The basic awareness regarding good privacy
hygiene is lacking for a significant Indian population (urban and more so otherwise) of digitally equipped but privacy-illiterate users. According to the Digital Empowerment Foundation (DEF) of India, nearly 90 percent of India is privacy illiterate. The privacy illiteracy factor is far greater in rural and suburban areas of the subcontinent, though much of the population in such areas are equipped with smartphones. Add to this the information asymmetry problem where mobile consumers are unaware of diverse ways OSAs collect and use their data. Especially for the low-earning suburban/rural Indian population (nearly 70 percent of Indian population), it is well known through developmental economic studies (Banerjee and Duflo, 2012) that most of such a 'modest' privacy literate population prefer to invest in smartphone apps, and/or TV to mitigate boredom. Clearly, with their privacy literacy levels, they would care less if their personal data was exploited by ad networks and advertisers, as long as they receive monetary rewards. This, especially so when our experimental results show that more privacy literate and higher-earning individuals in urban zones are willing to trade personal data for money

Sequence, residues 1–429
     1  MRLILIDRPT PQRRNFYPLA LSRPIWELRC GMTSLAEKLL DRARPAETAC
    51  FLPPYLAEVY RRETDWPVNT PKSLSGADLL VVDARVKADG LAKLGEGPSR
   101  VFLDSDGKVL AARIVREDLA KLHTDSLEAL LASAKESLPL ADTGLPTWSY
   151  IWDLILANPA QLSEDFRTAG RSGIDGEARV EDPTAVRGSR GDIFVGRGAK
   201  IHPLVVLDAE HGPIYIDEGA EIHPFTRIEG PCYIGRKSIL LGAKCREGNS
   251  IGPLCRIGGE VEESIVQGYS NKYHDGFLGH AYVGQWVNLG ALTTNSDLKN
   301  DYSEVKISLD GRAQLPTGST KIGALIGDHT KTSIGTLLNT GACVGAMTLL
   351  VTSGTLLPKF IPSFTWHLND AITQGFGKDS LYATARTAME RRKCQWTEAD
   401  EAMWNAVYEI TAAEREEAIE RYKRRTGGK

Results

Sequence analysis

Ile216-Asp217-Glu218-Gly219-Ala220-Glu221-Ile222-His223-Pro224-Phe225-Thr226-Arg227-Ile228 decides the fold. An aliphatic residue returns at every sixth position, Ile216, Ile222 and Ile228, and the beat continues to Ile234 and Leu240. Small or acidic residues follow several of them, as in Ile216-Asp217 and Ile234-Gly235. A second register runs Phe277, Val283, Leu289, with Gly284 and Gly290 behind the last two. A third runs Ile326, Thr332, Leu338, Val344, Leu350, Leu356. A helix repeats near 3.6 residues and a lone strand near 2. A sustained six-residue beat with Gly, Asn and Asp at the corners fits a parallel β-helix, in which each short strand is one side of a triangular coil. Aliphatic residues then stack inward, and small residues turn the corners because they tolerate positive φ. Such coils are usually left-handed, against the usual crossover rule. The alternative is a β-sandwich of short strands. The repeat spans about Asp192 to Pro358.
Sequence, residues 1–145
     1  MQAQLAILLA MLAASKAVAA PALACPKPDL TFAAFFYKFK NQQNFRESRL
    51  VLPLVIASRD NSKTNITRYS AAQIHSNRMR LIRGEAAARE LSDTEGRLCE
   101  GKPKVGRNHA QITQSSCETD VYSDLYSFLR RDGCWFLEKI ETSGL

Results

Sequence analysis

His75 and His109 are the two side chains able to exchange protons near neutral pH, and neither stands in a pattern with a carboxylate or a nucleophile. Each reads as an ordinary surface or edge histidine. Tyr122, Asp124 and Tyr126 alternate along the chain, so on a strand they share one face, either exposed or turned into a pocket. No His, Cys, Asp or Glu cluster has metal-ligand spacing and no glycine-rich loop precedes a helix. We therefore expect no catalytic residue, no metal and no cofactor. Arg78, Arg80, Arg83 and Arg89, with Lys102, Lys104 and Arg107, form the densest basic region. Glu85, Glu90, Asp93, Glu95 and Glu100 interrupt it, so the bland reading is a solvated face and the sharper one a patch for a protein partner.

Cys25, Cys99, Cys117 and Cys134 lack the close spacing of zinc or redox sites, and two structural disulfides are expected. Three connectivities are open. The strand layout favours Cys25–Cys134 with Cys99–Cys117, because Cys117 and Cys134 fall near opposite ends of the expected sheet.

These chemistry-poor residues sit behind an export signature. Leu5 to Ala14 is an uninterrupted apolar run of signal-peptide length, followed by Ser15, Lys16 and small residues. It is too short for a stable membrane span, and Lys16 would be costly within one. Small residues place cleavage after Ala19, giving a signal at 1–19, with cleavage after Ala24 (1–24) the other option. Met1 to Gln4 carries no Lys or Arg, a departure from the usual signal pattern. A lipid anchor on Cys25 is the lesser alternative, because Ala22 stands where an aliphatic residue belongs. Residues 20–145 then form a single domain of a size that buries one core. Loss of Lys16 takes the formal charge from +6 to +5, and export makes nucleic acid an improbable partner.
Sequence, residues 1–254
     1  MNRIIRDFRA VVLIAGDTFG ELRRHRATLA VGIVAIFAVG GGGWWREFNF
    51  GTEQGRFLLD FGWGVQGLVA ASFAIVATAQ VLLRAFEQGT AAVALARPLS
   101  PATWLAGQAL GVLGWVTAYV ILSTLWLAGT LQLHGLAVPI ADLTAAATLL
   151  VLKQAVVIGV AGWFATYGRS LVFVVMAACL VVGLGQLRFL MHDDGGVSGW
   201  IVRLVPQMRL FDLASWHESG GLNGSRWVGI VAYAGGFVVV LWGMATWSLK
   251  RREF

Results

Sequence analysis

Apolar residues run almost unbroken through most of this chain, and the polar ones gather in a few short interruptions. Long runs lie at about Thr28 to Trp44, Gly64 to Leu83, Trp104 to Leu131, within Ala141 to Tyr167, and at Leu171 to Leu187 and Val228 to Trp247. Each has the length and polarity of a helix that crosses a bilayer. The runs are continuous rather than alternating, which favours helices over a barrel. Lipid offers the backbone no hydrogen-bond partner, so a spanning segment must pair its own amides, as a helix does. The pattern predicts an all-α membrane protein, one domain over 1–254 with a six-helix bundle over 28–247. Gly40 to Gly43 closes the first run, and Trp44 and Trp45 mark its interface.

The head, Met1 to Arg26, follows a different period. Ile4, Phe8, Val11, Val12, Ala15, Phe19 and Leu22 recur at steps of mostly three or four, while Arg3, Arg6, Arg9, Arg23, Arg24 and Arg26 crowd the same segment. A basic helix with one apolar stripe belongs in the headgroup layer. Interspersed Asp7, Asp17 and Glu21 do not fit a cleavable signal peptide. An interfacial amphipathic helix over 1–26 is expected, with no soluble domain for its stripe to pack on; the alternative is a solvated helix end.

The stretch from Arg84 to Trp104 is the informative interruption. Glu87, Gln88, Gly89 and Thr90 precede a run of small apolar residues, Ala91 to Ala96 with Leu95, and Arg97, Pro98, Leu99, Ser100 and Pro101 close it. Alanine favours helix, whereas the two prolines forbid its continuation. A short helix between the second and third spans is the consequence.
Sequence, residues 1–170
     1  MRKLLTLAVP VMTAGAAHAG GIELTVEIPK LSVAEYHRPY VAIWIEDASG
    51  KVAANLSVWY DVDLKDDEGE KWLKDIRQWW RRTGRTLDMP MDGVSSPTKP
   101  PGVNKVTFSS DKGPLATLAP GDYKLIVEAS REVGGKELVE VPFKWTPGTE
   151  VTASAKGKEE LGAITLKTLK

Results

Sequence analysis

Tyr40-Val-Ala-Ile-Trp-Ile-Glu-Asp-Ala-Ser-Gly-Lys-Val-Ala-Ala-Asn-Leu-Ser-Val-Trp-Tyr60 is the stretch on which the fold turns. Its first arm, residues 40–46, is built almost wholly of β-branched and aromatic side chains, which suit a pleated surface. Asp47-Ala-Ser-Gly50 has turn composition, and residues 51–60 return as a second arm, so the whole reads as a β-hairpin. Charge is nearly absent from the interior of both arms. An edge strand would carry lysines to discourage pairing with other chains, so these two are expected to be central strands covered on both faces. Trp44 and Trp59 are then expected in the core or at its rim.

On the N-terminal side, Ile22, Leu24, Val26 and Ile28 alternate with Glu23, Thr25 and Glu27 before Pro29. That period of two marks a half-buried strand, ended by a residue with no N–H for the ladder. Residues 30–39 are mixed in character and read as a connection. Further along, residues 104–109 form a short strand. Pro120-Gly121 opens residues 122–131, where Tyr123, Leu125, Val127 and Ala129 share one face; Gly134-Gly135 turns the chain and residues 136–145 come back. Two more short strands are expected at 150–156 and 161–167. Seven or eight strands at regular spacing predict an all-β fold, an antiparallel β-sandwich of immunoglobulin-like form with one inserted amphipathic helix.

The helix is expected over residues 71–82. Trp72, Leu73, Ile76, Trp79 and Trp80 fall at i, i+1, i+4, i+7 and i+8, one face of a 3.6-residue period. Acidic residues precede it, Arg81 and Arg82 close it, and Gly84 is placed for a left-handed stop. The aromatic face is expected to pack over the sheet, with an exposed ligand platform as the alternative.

. In addition, privacy-literate citizens who are usually boundedly rational lack the cognitive capacity to assess the nuances of the complex current non-transparent PDC ecosystem.
With the average yearly income of individuals in urban areas barely averaging $1500, even post-economic and PPP conversion, a significant section of the highly inequitable urbanite population with an average 6 percent unemployment